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To further muddy the waters, the NEC stipulates that a circuit, unless specifically designed for full amperage use, can only be run at 80% of its rated capacity when using a 'continuous load'. Meaning that a 15 amp circuit can only be run at 12 amps and a 20 amp circuit can only be run at 16 amps, unless its just for a short duration. How long this time period is depends on the load's 'duty cycle'. Don't expect to run a 14 amp load day and night on a 15 amp circuit and not expect problems.

To clarify my earlier statement about using 750/1500W heaters in winter, I ran both at 750 continuous, one in front and one in back, and only ran one or the other at 1,500 if I had to get the place a little warmer, ie shower time.

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Old 02-20-2012, 08:03 AM   #22
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We experienced the same problem running two heaters - tripping the 30 amp breaker on the inverter panel. I have a 50amp service, and ended up connecting the second heater in the bedroom to the outlet installed for the washer/dryer (we don't have one) and problem solved.
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Old 02-20-2012, 08:24 AM   #23
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I have mentioned the 80% breaker load rating several times, but it's great that you did it again. I worked many years in product design for Square D Company and can offer this:

The National Electric Code (NEC) defines how electrical equipment is installed. Underwriters Laboratories (UL) defines how the equipment is designed and tested. UL has "Hold-in, Trip-out" tables for circuit breakers. This is the duty cycle you mentioned, and has time values for when a breaker must hold or trip at different load and overloads. A residential breaker is actually required to hold 100% of it's rating, but this is tested at 65 degrees ambient temperature. Breakers trip two ways; magnetically for short circuits, and thermally for current overloads. The internal bimetal strip that regulates thermal tripping also creates some heat. Because of this, in the real world application, breaker enclosures / loadcenters will be much hotter than 65 degrees inside the enclosure where the breakers are mounted and this is included in the UL test required for all products. This is why the recommended load is 80% - so the breakers will not thermally "nuisance trip".

Circuit breakers are not designed to protect people, they are to protect wiring and wire insulation. GFI breakers are to protect people. A breaker will trip under a short circuit, or current overload, and should be perfectly safe with a space heater on the circuit - assuming the load is within 80% of the breaker rating.

Originally Posted by trainsktg View Post
To further muddy the waters, the NEC stipulates that a circuit, unless specifically designed for full amperage use, can only be run at 80% of its rated capacity when using a 'continuous load'. Meaning that a 15 amp circuit can only be run at 12 amps and a 20 amp circuit can only be run at 16 amps, unless its just for a short duration. How long this time period is depends on the load's 'duty cycle'. Don't expect to run a 14 amp load day and night on a 15 amp circuit and not expect problems. Keith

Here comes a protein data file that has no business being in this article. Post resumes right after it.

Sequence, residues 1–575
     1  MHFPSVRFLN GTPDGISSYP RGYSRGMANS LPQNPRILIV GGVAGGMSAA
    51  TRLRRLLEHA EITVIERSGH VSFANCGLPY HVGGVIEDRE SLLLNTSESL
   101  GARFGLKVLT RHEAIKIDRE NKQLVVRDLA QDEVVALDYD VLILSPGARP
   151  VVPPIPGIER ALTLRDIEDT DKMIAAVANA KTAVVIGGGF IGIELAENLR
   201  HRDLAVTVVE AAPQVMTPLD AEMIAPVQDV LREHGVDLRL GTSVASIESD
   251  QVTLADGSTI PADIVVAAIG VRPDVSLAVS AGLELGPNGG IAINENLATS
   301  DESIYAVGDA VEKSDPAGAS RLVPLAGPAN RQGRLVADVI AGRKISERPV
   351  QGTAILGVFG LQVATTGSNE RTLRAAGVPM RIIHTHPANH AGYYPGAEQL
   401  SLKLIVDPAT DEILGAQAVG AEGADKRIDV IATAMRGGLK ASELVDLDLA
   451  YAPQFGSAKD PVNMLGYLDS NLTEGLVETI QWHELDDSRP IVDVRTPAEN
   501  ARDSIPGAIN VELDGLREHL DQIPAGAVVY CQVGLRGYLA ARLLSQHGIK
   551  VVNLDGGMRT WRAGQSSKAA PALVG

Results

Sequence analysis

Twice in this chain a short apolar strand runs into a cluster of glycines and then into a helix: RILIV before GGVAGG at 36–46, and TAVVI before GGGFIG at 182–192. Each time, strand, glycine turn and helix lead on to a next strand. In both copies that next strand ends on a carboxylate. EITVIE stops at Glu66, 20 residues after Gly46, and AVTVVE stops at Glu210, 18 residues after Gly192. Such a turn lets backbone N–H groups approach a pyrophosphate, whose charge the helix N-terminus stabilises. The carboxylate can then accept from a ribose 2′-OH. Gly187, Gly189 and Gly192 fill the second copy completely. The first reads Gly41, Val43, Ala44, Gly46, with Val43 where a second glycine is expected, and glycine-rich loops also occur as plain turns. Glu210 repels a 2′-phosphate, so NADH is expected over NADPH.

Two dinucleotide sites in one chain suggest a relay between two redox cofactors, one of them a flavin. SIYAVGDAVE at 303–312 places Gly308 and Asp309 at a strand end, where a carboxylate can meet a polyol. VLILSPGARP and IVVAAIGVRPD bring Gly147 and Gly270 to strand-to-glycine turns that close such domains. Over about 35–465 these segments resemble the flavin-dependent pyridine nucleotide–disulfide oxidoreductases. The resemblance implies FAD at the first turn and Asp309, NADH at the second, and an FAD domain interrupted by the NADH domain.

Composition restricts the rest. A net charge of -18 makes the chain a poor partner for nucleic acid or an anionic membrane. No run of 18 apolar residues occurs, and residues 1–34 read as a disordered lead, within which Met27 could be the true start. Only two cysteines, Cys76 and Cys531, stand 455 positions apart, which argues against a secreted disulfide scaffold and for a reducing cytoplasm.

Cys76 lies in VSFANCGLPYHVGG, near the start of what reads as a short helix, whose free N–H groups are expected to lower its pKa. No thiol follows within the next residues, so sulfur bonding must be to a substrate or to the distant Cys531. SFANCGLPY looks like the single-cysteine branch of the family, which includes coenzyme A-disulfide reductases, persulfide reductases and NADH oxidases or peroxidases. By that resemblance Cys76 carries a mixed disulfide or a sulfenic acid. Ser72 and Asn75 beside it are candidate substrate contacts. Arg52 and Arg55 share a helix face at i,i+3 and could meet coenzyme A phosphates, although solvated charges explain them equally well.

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Old 02-20-2012, 08:57 AM   #24
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Having worked for many years as an electrical engineer, I agree with George. He has offered some excellent references and advise on AC breakers.

Winnebago owners can visit the Winnebago/Itasca web site and download the AC Electrical schematics for their coach. These drawings will show which AC outlets in your particular coach are powered via your inverter. In my case only outlets that power the entertainment electronics and one in the cockpit area are powered through the inverter. I haven't visited other manufacturer's web sites, but hopefully they offer this information to their customers as well.
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Old 02-20-2012, 09:02 AM   #25
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I've been using my space heater every year for the past 3 years with no problems.
however I only use one 1500 watt heater. If I'm on 30 amp shore power. I will use it on the low setting. If I'm hooked up to 50amp. I will use it on the high setting. I am conservative with the other appliances. If my amperage draw is getting close to the 30amp total. I will turn something off.
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Old 02-20-2012, 04:28 PM   #26
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If you don't have an inverter and just a converter, does any of that apply?
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Old 02-20-2012, 04:32 PM   #27
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Originally Posted by CharlieTwo View Post
If you don't have an inverter and just a converter, does any of that apply?
A converter does not supply 120v it uses it to convert 120VAC to 12VDC. So basically no except for all the NEC (electric code) discussions above which applies to ALL RVIA certified RVs (which is pretty much all of them).
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Old 02-21-2012, 09:13 AM   #28
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Fellows, something is wrong either with my coach or some of the information provided. I did exactly what Gary recommended i.e. turn off the inverter breaker then test all the outlets to see which outlet still has power and that will tell you it does not run off the inverter. Well, all my outlets still worked with the inverter turned off! What gives here??????? Did I do something wrong? Thanks